Stevens-Johnson Syndrome

Stevens-Johnson Syndrome and Toxic Epidermal Necrolysis: Associations, Outcomes, and Pathobiology-Thirty Years of Progress but Still Much to Be Done

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Nearly a century ago, Stevens and Johnson first described Stevens-Johnson syndrome (Heng 2015, Roujeau 1995). More than 60 years ago, Lyell first described epidermal necrolysis (Heng 2015, Su 2016). Most of the progress in defining the spectrum of disease now known as Stevens-Johnson syndrome, overl…

Just today, I discharged a patient with SJS (to Gabapentin or Amoxicillin/Clavulanate), whom nearly didn’t make it.

He has tophaceous gout treated to target on Febuxostat, and hypertension on Losartan.  He is allergic to Allopurinol (rashes).  He is a chronic smoker, and has alcoholic hepatitis with mild thrombocytopaenia.  I last reviewed him in April this year.

He was recently diagnosed by a dermatologist with facial discoid lupus based on skin biopsy and a positive ANA.  Other serologies were negative, and only the C3 was slightly low.

He returned from a holiday in early August with painful swelling around the left ankle.  He also had an episode of gross haematuria then, and was prescribed a course of antibiotics by his family doctor.  He consulted me on 21/8/17 for the persistent left ankle pain, which I found not to be due to ankle synovitis.  Doppler ultrasound revealed a partial peroneal vein thrombosis, and the deep perforators were found to be incompetent.   Urine culture returned growing E coli, and I started him on Amoxicillin/Clavulanate on 25/8/17.  Celecoxib and Colchicine were also prescribed, which he previously had repeated courses of without adverse reaction.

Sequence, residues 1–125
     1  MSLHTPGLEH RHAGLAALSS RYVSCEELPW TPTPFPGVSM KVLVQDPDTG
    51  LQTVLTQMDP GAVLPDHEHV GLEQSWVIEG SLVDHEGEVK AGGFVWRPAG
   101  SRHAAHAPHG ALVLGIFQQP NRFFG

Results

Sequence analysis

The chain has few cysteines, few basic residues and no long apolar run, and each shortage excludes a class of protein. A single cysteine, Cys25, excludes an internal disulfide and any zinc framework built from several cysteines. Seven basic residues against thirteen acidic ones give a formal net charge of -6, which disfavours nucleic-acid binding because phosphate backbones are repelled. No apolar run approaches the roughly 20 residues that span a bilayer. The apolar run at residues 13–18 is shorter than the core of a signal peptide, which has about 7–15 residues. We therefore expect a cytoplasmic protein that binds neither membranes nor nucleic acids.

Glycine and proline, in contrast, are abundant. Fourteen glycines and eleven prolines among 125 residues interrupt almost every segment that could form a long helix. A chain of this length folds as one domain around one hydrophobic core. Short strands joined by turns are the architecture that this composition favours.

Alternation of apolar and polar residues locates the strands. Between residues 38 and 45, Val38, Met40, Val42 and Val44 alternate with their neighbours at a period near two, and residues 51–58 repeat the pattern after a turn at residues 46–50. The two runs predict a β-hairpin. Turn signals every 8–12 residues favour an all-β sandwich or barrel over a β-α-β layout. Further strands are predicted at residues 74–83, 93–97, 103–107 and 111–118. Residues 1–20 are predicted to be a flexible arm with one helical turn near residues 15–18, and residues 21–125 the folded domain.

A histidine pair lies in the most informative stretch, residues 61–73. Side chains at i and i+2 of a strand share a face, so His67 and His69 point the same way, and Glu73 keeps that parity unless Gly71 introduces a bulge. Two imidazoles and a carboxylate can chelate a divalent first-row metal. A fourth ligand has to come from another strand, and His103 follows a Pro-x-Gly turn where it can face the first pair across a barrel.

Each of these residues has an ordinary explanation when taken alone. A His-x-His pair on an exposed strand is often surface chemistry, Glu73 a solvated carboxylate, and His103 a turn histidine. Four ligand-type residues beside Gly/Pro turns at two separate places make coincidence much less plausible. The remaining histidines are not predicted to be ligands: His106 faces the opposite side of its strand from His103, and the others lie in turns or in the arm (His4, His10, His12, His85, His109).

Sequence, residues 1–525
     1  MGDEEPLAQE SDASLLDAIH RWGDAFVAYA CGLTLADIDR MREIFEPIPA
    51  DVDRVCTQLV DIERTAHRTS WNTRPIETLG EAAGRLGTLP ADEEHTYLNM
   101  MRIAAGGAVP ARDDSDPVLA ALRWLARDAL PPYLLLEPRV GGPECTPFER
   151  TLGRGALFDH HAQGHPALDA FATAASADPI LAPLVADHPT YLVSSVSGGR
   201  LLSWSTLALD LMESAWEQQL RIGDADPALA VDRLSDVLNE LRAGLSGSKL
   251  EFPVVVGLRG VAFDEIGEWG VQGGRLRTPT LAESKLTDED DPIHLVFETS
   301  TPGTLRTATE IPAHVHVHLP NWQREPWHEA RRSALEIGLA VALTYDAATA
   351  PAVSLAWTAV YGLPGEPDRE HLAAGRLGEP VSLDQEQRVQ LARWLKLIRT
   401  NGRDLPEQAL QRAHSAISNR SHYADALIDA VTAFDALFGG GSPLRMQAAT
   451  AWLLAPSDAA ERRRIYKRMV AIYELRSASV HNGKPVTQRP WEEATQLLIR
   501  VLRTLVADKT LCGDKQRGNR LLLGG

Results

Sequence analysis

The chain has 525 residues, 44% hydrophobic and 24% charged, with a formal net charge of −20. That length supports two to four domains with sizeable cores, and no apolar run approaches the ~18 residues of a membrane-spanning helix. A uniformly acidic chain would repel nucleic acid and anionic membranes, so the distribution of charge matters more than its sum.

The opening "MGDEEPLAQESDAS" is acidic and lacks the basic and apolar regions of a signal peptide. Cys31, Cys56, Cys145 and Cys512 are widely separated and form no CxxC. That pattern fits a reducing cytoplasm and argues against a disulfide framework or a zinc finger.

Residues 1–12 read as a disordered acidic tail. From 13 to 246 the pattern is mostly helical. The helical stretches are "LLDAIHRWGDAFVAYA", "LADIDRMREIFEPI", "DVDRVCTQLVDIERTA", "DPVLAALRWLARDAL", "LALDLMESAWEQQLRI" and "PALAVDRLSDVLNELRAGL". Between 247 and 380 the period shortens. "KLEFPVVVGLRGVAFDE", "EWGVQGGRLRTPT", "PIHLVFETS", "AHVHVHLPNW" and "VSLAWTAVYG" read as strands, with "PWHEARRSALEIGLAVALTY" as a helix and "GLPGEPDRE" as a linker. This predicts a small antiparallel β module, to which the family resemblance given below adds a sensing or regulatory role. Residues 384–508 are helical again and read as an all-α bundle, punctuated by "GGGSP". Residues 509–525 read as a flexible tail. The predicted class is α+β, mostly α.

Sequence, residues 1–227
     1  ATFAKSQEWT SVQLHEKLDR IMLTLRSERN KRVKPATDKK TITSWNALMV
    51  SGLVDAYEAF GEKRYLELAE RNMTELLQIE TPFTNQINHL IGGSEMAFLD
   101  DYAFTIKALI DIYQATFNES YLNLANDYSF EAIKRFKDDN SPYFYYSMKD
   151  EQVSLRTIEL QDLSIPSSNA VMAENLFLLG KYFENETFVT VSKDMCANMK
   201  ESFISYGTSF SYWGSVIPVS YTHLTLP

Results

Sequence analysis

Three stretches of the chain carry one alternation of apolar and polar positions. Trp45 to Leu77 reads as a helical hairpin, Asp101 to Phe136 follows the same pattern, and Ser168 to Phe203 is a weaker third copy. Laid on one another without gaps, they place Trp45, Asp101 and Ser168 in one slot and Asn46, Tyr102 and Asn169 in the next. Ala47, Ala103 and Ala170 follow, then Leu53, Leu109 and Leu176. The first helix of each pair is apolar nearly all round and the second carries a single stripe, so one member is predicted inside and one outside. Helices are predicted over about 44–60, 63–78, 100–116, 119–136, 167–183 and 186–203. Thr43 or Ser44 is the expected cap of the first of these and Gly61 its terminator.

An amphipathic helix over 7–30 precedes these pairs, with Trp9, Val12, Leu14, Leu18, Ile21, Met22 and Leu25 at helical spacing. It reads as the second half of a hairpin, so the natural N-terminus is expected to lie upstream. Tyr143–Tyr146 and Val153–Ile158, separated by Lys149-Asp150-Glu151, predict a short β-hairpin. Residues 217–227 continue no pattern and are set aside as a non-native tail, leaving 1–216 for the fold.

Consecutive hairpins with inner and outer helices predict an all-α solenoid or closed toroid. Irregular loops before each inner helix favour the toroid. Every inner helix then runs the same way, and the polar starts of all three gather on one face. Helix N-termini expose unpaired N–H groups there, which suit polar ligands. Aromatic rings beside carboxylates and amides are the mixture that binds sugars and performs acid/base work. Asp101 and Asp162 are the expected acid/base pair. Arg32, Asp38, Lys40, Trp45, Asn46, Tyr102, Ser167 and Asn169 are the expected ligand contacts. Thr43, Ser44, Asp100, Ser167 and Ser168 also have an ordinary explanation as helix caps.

The brawny oedema over the left medial malleolus ulcerated.   His family doctor prescribed him Gabapentin on 30/8/17 for refractory pain.  By the next day, he started feeling unwell, with lethargy and loss of appetite progressing over the next few days.  On 5/9/17, he developed a low grade fever and a maculopapular rash on the right leg, which gradually extended to the trunk and face.  By 8/9/17, he had to be admitted as his throat was sore and he could no longer take orally.

I saw him upon returning from my overseas course on 10/9/17.  He had developed a generalized non-bullous maculopapular rash, with ulcerations of the hard palate, oral thrush, and cheilitis with crusting.  He also had SIADH, mixed hepatitis, DIC and ground-glass pneumonitis.  All cultures and PCR were negative, except for scanty Staph aureas growth from the BAL.  Hydrocortisone 200mg tds and Nystatin failed to improve his condition over 4 days, and trismus ensued.

In view of the pathogenic role of IL15 in SJS, Tofacitinib was started off-label at 10mg bd on 14/9/17, with informed consent.  Hydrocortisone was stopped.  By the next day (after 1 dose of 10mg), the patient reported that his throat no longer hurt, and could swallow.  Safe swallowing was verified by speech therapist.  The rashes were visibly faded by 16/9/17, the laboratory parameters had mostly normalized (or normalizing), and he was discharged.